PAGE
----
“The key to helping youth navigate contemporary digital life isn’t more restrictions.
It’s freedom - plus communication. What makes the digital street safe is when teens and adults collectively agree to open their eyes and pay attention, communicate and collaboratively negotiate difficult situations...” - Dr. Danah Boyd.
To begin with, this is not at all a self-pleasing ego-excursion. I need to aver, with all the earnestness I can muster, that my preoccupation here, is to raise the alarm.
This urge is brought on by a series of soul-searing tragedies that have deeply scarred the collective soul of the Sri Lankans.
The self-imposed deaths of a number of our innocent children in the recent past, have devastated the totality of our national conscience.
Implicit in this gloomy and sorrow fraught episode, there is a facet, that should alarm us all, as a nation. Some irresponsible and thoughtless people almost cynically and casually attribute the cause of this profoundly moving catastrophe, to external influences.
But, if we adopted the right perspective, we would be pointing an accusing finger at our own selves.
To be specific there are some who attempt to place the blame for this unhappy episode, on social media - Facebook being the most prominent among them.
On the other hand, such a rash assumption is not quite warranted.
When the communication and media landscape at global level, was undergoing change at a surprising clip, we were not quite prepared to absorb these vast and fast fluctuations.
Many of the elitist intellectual leaders in our land did not fully appreciate that the future will come at us, with this swiftness. They were not ready for it.
They did not heed the compelling words of media sages and prophets. The greatest communication seer of our age - Arthur C. Clarke resided among us.
The God-father of the communication satellite forecast, as far back as 1970, that someday, satellites would bring the accumulated knowledge of the world to our fingertips.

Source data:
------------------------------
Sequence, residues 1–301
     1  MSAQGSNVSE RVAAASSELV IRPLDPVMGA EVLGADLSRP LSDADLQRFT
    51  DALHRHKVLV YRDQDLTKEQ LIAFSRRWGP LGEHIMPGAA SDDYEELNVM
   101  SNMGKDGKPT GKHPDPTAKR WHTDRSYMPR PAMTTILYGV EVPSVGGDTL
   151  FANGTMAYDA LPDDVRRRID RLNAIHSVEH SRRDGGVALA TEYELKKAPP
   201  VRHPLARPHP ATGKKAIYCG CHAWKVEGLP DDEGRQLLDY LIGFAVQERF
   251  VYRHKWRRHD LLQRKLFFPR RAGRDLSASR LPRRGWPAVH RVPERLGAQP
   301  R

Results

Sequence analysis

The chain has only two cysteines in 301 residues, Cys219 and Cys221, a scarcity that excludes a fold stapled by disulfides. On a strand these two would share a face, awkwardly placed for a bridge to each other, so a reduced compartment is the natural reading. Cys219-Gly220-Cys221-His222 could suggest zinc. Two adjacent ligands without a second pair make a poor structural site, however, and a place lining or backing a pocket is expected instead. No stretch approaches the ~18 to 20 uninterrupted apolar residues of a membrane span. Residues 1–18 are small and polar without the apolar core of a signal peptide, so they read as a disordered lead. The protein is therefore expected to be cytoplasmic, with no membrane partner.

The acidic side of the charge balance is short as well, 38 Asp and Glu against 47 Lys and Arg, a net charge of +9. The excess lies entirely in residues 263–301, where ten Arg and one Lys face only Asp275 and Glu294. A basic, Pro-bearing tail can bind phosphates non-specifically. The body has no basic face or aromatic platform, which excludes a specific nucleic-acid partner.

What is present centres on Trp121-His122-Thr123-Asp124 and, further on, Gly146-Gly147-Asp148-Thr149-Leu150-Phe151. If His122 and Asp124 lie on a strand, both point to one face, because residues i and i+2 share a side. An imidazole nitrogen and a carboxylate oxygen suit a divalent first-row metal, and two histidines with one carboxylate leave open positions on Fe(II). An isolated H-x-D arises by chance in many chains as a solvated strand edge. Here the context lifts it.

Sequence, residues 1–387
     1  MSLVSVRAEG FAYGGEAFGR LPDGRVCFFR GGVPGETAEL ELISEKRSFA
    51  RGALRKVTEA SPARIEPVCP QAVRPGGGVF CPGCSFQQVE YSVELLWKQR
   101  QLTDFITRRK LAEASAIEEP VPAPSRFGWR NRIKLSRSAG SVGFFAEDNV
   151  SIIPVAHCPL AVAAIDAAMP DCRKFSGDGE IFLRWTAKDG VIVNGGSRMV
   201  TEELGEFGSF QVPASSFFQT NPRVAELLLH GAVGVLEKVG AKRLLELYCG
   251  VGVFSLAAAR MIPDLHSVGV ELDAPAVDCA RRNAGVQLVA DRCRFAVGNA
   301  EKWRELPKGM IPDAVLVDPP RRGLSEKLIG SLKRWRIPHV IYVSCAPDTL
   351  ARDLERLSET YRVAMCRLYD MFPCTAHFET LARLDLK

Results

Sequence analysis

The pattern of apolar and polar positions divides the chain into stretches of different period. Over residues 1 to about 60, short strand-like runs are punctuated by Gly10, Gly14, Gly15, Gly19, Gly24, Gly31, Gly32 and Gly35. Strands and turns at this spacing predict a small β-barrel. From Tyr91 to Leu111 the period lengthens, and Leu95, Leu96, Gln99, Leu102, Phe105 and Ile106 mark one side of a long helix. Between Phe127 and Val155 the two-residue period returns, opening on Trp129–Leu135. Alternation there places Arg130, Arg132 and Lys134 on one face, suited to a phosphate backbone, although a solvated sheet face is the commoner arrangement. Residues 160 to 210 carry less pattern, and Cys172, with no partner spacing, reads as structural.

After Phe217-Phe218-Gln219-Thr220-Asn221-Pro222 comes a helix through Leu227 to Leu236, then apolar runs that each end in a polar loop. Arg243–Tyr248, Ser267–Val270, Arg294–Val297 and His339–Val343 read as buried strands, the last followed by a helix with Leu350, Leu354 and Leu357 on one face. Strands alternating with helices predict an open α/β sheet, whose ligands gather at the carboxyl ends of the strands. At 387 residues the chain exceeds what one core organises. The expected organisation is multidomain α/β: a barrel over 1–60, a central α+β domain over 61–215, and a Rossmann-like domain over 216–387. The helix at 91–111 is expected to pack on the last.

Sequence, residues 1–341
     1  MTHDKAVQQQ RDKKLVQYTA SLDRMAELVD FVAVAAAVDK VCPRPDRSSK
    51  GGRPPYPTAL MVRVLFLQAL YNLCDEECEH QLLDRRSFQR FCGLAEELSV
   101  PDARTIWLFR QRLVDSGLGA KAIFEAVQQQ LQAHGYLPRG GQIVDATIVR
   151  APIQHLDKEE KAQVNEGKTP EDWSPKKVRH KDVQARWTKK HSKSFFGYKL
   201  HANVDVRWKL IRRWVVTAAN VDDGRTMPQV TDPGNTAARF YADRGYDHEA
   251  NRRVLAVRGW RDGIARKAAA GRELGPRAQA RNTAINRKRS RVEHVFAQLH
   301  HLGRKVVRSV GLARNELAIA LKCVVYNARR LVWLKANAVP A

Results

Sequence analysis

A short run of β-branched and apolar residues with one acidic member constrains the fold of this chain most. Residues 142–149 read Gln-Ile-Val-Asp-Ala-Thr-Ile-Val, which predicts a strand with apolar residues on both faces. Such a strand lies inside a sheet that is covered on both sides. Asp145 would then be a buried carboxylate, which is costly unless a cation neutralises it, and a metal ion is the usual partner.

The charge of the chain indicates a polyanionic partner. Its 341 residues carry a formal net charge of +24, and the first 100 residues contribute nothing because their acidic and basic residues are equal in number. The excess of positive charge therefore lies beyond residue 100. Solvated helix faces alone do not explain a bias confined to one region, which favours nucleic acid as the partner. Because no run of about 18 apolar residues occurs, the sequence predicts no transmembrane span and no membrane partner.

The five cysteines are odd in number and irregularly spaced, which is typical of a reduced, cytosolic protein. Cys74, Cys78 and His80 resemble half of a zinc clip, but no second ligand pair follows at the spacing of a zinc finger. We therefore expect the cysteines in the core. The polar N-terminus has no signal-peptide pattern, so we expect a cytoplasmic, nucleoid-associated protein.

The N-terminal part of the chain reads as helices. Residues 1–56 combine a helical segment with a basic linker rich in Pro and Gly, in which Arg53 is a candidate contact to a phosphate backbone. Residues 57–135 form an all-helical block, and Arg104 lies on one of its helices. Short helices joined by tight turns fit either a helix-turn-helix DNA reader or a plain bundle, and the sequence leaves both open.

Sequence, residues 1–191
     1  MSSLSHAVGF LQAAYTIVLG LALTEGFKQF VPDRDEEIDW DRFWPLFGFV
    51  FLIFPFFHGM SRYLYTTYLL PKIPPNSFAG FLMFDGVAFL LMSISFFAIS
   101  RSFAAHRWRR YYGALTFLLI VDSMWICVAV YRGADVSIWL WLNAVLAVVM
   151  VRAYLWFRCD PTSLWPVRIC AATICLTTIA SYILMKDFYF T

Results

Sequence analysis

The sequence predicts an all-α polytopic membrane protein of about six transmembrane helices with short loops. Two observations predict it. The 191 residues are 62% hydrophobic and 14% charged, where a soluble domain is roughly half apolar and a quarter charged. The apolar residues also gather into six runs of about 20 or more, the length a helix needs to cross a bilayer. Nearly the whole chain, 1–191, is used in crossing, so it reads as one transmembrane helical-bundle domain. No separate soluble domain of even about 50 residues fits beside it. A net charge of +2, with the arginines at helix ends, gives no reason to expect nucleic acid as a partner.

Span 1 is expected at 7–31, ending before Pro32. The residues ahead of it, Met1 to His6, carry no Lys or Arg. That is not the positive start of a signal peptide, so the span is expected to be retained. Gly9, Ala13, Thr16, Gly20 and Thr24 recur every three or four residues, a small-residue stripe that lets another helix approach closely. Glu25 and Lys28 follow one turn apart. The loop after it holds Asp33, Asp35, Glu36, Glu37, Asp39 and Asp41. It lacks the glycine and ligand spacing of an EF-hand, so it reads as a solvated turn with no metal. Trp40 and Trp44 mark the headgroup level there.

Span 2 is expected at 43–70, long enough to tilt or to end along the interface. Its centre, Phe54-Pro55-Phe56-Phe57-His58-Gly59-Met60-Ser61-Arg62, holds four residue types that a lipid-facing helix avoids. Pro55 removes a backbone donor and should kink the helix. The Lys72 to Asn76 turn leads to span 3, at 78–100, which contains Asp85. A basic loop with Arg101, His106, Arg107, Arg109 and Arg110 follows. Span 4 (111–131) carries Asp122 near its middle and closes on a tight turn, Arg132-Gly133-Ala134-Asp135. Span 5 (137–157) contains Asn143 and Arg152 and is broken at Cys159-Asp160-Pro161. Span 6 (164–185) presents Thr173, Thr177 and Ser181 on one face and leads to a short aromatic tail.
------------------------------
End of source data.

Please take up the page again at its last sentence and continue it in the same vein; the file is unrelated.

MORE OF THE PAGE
The domestic prophet’s earth - shaking prophecies did not awaken most of us to this dramatic future.
In the same year futurist author Alvin Toffler, presented his impactful work Future Shock, to the moderns, to prepare them to what was in the offing.
At numerous academic lectures, seminar presentations, group discussions and related events, I kept on speaking about Toffler’s Future Shock. I was keen to drive home to those who listened, that if we are not adequately prepared to meet what was coming, we will suffer a Future Shock.
I am not being wise after the event. Nor am I keen to derive an unseemly delight, with a cynical “Didn’t I say so.”
Way back, in November 6, 2010, the “inaugural meeting to launch the data-bank for the Diploma Holders of the Journalists Course at the University of Colombo,” was held (of all places) in the canteen of the Sri Lanka Foundation Institution unlikely meeting place was arranged at very short notice, by the academic in-charge of the Diploma Course at the time - Kamal Waleboda. The quick shift of venue was a tribute to his enterprising thinking.)